Truck driver cited in crash at CTA station

CHICAGO Donald Wells was taken into custody after being released from Stroger Hospital following the crash on Friday night. A blood test showed that the 64-year-old truck driver did not have alcohol in his system. Police said he refused to take a urine test.

The Secretary of State's office has no record of previous traffic violations by Wells in Illinois, agency spokesman Dave Drucker said. Michigan authorities also had no record of violations.

Late Sunday night, Wells was cited for negligent driving. He was working for a company called Whiteline Express, which is based in Plymouth, Mich. The violation carries a maximum fine of $100, police said. Wells is due in court June 10.

On Friday evening during the rush hour commute, Wells' semi trailer slammed into the CTA's Cermak/Chinatown Red Line train station. Two women- 47-year-old Eloisa Guerrero and 18-year-old Delisia Brown - were killed. Twenty-one others were injured.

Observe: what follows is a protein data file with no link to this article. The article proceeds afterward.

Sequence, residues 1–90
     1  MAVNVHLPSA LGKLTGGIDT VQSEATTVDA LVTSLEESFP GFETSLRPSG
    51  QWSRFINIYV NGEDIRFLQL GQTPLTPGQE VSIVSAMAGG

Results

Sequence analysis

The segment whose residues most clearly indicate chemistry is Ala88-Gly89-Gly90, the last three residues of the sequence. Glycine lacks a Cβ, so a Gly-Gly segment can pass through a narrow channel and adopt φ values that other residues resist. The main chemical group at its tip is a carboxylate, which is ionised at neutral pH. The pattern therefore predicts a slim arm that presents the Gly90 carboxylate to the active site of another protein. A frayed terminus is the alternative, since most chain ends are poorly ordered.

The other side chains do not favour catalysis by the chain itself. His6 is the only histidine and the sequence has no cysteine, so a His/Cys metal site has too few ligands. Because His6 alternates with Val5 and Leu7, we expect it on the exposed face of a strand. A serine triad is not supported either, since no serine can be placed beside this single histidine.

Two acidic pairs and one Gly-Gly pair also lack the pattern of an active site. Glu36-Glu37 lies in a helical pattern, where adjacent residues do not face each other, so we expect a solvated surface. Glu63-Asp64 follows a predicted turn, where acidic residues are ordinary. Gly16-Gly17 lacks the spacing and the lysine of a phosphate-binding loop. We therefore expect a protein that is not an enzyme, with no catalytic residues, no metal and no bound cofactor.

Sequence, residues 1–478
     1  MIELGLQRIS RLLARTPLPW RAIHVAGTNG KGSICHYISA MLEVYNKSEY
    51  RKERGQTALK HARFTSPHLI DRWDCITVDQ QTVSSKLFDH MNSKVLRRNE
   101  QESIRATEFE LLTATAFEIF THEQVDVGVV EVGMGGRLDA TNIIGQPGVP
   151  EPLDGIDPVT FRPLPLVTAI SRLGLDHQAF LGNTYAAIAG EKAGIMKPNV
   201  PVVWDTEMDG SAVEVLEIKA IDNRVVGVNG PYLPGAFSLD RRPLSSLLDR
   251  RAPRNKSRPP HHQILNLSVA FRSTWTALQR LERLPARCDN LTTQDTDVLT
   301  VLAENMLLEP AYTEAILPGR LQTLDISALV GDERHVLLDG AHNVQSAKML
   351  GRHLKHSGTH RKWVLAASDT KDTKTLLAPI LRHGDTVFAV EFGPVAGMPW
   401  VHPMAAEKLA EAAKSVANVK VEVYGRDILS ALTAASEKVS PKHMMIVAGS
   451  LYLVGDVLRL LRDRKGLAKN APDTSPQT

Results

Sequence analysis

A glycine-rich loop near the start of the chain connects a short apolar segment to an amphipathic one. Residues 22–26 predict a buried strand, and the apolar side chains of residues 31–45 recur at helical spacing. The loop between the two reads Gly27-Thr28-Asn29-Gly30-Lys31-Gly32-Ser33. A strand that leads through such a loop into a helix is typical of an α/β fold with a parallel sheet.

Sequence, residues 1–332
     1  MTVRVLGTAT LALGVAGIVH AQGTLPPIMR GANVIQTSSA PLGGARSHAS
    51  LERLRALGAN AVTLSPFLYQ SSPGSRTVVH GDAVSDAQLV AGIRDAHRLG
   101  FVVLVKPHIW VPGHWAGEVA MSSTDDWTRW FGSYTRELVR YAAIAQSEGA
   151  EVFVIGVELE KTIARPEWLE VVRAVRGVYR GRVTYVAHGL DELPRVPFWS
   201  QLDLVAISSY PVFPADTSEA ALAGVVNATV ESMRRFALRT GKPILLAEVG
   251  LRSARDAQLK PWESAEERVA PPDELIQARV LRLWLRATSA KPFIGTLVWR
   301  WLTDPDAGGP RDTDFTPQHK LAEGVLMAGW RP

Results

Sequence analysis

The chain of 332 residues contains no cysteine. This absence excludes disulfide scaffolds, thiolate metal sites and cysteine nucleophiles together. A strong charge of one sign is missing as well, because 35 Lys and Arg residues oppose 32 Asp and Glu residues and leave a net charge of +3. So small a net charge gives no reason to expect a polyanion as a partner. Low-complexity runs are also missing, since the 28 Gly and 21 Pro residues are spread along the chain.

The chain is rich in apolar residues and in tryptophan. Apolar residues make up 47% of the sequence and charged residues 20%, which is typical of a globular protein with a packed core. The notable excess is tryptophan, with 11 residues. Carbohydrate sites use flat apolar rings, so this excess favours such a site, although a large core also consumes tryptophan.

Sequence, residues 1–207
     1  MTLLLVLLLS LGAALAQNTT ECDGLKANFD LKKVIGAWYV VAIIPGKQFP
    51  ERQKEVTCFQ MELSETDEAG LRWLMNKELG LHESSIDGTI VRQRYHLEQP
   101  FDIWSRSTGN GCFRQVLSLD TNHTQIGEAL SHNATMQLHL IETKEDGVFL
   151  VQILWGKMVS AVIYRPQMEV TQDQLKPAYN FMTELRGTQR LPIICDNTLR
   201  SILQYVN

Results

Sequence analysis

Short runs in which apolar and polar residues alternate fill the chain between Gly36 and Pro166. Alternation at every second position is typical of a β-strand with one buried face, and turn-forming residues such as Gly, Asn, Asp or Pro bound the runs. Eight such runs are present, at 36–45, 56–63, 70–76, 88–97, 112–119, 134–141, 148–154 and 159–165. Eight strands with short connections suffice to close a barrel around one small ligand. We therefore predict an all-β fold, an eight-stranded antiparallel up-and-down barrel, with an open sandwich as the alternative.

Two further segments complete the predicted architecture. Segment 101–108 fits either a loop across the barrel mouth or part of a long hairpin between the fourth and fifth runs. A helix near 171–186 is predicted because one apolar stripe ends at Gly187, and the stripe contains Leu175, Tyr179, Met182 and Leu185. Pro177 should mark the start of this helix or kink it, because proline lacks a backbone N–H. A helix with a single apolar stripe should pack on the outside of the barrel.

Brown had been shopping for a prom dress. Guerrero had left work at Sutton Place Hotel where she had worked for 11 years.

"She was just a wonderful individual. She was always smiling. We talked about everything. She was planning her wedding," said Pamela Williams, co-worker.

On Monday, some commuters said they had concerns about the CTA station's location even before the accident.

"If you're coming around this corner too fast anything could happen. It's not just the truck driver, it could happen to anybody," said Hudson, CTA customer.

Hudson and other CTA customers who use the El stop said traffic around Chinatown is hazardous.

"See all this traffic we have to deal with during rush hour? I've been afraid a couple times that someone would hit me," said David Nolan, CTA customer.

"This area is very congested. They really need to think about expanding this area," said Hudson.

The Cermak/Chinatown stop is open for business, but the main entrance remains closed. Customers are using an entrance across the street. Many prefer to enter that way.

"I think this is safer," said Nolan. "Because (with the main entrance) people coming off the expressway have a direct line where they can hit people, so it was inevitable for it to happen. So, I think this is a safer exit."

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